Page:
Fava Bean, Arugula & Quinoa Salad
The older I get the more and more I realize all those old wives and Tiger mothers are right: nothing good comes easy. Whether it be your health, raising a child, sailing a boat, running a marathon; anything worth a darn in life comes with some effort. Truly. Think about it.
And the same goes for fava beans. Yes, I'm gonna get all deep here on the subject of beans. Because, honestly, these are a vegetable always talked about in the food world but in actuality are kind of a pain in the rear. But stay with me -- the little green pods are worth it. With each bean you touch and prepare, you will be reminded: life is work...life is work...life is work -- but in a good way.
I realized this while I was actually prepping the fava beans I ordered in my weekly Washington's Green Grocer box. I remembered how I once read that people who eat fava beans have a ridiculously higher chance of making it to 100 years old than folks who don't eat the beans. The article seemed to indicate that it was because the beans are super healthy, which, indeed, they are.
Yet, as I was shucking the favas, and then steaming them, and then peeling back the skin from each individual bean, I realized why people that eat fava beans probably live longer than others. It's because they give a hoot. I mean, hell, if you're willing to go through the effort of dealing with these bad boys, then you're probably the kind of person who is going to wake up at dawn to teach yourself the art of bonsai. Or try your darndest to learn the violin. Because it's worth the effort. You're probably like that in your career, in your relationships -- in everything.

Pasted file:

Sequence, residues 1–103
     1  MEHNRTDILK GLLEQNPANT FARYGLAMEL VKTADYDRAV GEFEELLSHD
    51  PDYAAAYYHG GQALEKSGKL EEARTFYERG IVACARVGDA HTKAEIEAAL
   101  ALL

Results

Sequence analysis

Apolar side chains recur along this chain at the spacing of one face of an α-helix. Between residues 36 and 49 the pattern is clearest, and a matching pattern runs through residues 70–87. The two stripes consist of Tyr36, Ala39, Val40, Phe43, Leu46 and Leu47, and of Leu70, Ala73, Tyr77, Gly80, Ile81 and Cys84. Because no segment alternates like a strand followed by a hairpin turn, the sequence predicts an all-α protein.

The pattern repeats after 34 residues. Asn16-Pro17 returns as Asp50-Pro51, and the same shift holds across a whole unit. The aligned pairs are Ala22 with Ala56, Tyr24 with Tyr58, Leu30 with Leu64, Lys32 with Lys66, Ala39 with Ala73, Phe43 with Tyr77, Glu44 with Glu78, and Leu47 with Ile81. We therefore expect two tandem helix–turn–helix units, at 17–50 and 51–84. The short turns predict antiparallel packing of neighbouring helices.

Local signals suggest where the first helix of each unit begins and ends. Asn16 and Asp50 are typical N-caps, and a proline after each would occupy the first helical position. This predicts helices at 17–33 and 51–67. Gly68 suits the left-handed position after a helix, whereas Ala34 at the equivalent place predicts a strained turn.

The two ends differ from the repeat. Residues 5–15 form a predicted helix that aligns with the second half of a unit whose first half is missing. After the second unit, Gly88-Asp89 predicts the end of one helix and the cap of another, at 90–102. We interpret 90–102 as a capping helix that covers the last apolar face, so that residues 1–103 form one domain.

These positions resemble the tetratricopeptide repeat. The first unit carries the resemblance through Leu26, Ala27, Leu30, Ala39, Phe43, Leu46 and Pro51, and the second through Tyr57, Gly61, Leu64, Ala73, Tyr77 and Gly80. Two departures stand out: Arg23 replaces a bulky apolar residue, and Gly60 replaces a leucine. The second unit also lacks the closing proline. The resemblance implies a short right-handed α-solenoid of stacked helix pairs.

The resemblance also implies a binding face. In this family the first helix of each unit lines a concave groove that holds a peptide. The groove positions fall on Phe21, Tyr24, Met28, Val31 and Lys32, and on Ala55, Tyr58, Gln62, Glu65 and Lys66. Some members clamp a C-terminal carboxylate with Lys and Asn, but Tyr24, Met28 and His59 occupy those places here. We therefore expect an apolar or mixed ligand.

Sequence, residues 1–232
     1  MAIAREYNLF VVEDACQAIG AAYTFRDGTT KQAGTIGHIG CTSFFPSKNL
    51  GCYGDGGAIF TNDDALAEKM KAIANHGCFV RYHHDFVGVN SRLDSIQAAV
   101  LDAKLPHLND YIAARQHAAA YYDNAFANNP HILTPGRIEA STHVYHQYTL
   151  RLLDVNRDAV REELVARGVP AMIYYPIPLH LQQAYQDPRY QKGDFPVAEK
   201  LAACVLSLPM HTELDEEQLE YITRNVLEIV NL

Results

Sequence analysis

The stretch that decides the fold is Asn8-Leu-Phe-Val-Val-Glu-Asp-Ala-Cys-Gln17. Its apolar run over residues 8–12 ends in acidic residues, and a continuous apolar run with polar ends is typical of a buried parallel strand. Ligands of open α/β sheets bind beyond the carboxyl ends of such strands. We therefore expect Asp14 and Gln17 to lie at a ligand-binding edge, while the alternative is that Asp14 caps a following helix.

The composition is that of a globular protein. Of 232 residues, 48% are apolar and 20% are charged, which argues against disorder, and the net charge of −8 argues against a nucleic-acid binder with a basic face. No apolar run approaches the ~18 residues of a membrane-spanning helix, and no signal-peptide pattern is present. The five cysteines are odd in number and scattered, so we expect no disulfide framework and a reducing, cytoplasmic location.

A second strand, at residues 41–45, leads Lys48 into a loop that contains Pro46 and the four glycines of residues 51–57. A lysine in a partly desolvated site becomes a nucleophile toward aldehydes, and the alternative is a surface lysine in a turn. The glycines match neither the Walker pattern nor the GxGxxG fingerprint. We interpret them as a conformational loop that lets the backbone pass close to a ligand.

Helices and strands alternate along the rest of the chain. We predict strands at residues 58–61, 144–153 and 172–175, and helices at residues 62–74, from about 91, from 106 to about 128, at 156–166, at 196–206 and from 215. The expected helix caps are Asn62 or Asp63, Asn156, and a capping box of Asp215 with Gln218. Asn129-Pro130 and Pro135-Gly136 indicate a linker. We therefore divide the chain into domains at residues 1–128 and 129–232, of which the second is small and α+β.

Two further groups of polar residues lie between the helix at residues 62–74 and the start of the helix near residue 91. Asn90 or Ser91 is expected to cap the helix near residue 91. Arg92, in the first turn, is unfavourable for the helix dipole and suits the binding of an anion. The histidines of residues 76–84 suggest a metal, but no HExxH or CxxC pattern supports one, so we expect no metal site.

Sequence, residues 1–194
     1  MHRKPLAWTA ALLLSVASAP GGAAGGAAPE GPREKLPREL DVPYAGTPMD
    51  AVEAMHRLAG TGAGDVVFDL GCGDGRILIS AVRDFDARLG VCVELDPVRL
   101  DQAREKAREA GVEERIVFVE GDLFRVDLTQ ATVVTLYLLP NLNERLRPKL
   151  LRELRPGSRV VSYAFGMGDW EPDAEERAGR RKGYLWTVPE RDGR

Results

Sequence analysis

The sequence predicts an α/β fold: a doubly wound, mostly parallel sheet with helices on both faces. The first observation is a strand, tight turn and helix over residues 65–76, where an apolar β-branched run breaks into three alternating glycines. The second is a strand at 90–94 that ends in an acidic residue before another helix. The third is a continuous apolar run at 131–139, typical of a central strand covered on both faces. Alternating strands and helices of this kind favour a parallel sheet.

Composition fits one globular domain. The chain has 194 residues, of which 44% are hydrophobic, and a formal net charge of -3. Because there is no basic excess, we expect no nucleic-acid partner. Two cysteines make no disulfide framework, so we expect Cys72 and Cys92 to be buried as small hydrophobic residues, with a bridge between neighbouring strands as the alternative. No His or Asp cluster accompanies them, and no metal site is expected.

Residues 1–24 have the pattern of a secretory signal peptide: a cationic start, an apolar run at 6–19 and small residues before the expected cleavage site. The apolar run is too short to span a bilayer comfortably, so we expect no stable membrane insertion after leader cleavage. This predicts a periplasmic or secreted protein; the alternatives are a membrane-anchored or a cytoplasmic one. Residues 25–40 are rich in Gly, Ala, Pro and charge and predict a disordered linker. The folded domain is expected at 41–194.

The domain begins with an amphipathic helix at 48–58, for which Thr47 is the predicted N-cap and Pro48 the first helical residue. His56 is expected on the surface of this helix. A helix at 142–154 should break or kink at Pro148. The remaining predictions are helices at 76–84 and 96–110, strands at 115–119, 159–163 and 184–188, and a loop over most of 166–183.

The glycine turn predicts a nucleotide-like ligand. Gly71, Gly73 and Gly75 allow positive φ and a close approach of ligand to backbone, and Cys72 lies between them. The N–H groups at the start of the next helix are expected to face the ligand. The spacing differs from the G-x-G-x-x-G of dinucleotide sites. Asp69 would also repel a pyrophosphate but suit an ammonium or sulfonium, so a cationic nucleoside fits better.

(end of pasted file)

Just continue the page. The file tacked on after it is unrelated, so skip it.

So, as I was tackling these beans (which takes a while, I'm not going to lie), I thought of my own grandfather, who just turned 97. Yes, he once tried to serve me a cold plop of Chef Boyardi Beefaroni for lunch right from the can, but the man worked hard his whole life. And look at him -- still kicking away and taking care of my grandmother. And so I decided I wanted to be more like him. The beans inspired me (truly! though it sounds silly) to not be such a sloth. I mean, geez, how hard is it to go for a morning jog? Or hit the driving range every once in a while? Or even just shower and change out of my pajamas so as not to look like a hardened streetwalker before I run my errands?
I guess the moral of this is: eat your fava beans. Because besides making you feel like Jack (you know, as in the Beanstalk???), they will make you think. And work. Which is kinda, well, nice!
So here is a recipe to try with your magic beans...
FAVA BEAN, ARUGULA & QUINOA SALAD
3-4 cups cooked quinoa (I do mine with chicken broth for added flavor)
fresh arugula (4-6 cups)
1-2 pounds fresh fava beans, in their pods
juice of 2 lemons (I think the more lemony this salad is the better!)
1/4 cup olive oil
shaved pecorino romano cheese
salt, pepper to taste
First, address the fava beans. You'll have to remove them from their pods so to make this easier, pop the one end off and then pull the little middle string-like piece of the pod down. This way you can split the pod down the middle and pick out the beans easily.
Once you have a big bowl of beans, they are ready to steam. Steam the beans for a few minutes -- not long at all -- or until the skins get wrinkly.
Then you can simply peel off the outer skin from the bean, leaving the bright green edible part.
Once that is done, stir in everything together in a big bowl. I do it when my quinoa is still steaming, so it wilts the arugula. Serve warm, cold, or at room temperature. Enjoy!